The conference, was inaugurated by Shri V. P. Singh Badnore, Governor of Punjab & Administrator, UT Chandigarh. It was structured as a panel discussion, each covering a thematic topic and moderated by a senior journalist.
Young Thinkers’ Conference is the flagship foreign and security policy conference of the British High Commission in India. It brings together the best and brightest experts and young thinkers to discuss a range of issues. Building on the success of the two previous editions in Chandigarh, the British Deputy High Commission, Chandigarh and Indian School of Business (ISB) hosted the Young Thinkers’ Conference (YTC) at the Mohali campus.
The conference, was inaugurated by Shri V. P. Singh Badnore, Governor of Punjab & Administrator, UT Chandigarh. It was structured as a panel discussion, each covering a thematic topic and moderated by a senior journalist. The themes for this year’s conference were:
Panel 1: Climate Change & Energy Security: How to shape India's Sustainable Development?
Panel 2: Youth & Politics: What difference can they make?
Panel 3: The Truth behind Fake News and how best to tackle it?
The Panel discussion on Climate Change and Energy Security was in tune with the outcome of the recent Intergovernmental Panel on Climate Change (IPCC) climate report; according to which the first and only effective course, albeit a deeply unpopular one, would be to stop using any fossil fuels. The Panel also encouraged private sectors and non-state actors to take a more pro-active role in sensitizing the public to adopting sustainable ways of living.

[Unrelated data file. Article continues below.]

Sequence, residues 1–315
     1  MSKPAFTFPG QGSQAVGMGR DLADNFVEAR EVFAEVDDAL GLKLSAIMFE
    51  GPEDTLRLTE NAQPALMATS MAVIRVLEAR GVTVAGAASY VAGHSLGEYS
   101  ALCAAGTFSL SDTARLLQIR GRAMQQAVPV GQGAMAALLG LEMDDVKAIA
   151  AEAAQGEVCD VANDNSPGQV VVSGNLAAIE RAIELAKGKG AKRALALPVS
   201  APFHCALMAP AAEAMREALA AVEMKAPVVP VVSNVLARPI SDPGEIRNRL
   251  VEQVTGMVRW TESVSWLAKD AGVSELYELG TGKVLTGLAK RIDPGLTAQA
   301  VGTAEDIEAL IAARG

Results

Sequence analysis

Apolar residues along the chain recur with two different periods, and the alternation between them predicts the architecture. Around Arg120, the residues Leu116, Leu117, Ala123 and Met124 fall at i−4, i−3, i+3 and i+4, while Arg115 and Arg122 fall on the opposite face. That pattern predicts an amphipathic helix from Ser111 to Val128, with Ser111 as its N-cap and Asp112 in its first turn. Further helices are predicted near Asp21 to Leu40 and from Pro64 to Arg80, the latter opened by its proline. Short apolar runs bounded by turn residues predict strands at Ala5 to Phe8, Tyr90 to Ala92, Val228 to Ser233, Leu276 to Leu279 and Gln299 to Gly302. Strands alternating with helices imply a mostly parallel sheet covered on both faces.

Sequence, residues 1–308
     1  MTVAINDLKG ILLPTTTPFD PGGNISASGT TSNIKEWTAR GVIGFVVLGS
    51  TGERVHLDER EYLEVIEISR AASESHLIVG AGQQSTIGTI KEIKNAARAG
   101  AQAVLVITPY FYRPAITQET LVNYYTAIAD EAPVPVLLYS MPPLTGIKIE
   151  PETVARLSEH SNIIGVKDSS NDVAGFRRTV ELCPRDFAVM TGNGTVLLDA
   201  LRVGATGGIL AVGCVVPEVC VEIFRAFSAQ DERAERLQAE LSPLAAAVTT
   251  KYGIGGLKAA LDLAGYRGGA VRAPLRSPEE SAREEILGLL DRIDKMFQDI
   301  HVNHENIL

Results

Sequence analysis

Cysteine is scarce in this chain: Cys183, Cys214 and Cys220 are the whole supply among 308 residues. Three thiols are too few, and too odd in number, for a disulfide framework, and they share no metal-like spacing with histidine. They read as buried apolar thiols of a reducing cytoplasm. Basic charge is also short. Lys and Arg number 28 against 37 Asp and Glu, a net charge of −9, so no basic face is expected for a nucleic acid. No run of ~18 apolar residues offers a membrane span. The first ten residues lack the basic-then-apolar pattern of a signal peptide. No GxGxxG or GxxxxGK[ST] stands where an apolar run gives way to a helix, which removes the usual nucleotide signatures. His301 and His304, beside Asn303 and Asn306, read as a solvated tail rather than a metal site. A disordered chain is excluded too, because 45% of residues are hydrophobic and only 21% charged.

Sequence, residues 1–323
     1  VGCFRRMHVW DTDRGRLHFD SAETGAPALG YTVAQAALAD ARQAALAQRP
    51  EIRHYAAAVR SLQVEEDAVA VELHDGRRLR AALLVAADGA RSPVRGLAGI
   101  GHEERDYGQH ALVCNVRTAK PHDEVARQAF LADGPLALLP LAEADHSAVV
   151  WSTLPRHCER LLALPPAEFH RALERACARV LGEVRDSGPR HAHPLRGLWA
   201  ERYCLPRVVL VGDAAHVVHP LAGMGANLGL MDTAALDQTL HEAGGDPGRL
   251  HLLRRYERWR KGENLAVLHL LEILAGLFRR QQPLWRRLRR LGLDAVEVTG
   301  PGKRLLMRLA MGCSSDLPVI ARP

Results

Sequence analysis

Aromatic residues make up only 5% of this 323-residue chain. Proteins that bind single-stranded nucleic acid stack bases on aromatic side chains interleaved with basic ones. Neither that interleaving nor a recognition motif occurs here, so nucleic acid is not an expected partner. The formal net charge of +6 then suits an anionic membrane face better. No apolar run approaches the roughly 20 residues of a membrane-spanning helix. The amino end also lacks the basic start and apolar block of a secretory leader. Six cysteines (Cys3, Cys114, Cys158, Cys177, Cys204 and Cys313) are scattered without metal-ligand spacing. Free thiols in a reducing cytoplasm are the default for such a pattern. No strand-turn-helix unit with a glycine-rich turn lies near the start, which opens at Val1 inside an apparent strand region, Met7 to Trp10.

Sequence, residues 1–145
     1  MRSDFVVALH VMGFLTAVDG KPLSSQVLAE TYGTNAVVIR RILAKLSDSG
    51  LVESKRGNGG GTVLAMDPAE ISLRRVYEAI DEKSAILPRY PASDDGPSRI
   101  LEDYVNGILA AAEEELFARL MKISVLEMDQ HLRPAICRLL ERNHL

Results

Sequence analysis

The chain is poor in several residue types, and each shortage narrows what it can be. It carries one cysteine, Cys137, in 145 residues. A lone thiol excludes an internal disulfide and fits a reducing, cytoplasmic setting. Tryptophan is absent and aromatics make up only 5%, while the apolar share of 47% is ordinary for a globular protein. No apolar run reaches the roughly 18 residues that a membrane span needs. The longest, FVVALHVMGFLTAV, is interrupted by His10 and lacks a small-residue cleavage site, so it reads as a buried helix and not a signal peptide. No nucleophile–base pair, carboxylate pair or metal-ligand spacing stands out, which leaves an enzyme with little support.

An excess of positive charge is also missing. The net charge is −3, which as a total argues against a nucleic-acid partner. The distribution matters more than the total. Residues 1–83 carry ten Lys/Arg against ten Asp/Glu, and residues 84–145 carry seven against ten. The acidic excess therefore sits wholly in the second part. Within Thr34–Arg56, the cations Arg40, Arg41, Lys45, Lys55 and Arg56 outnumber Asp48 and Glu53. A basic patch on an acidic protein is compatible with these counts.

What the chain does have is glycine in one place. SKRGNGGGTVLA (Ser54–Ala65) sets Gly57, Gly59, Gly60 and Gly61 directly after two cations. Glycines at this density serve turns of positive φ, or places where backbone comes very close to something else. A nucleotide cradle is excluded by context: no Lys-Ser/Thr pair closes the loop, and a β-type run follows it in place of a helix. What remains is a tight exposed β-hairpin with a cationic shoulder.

The second Panel’s talks revolved around the role of youth in politics and what kind of a difference could they make. This seemed to be the most lively discussion, most understandably because the audience was also from the younger age bracket of 18 to 24 years. Gul Panag, an actor and entrepreneur, opined that the only hindrance for the youth in India to take an active role in politics is the ‘society that places a premium on age and experience’. The panel urged that India must encash upon having the largest youth population in the world and being the world’s largest democracy.
The second panel was followed by a talk by Dr. Dhruva Jaishankar, Brookings India Fellow. He spoke on Why International Affairs Matters More in the 21st Century. He highlighted how foreign policies were important for the new generation since every aspect of today’s world was affected by global events which shape and are being shaped by foreign policy decisions.
The last panel was on a very important aspect in today’s digital world. Chaired by Nirupama Subramanian, Resident Editor of The Indian Express, the panelists discussed ways to tackle fake news that seemed to face no borders in an age of social media like WhatsApp and Facebook.
The Young Thinkers’ Conference concluded with votes of thanks proposed by Andrew Ayre, the British Deputy High Commissioner Chandigarh and DNV Kumara Guru, Director of External Relations & HR, ISB. As the crowd dispersed, it was with a feeling that the YTC once again fulfilled its purpose of acting as a living bridge between India and the UK.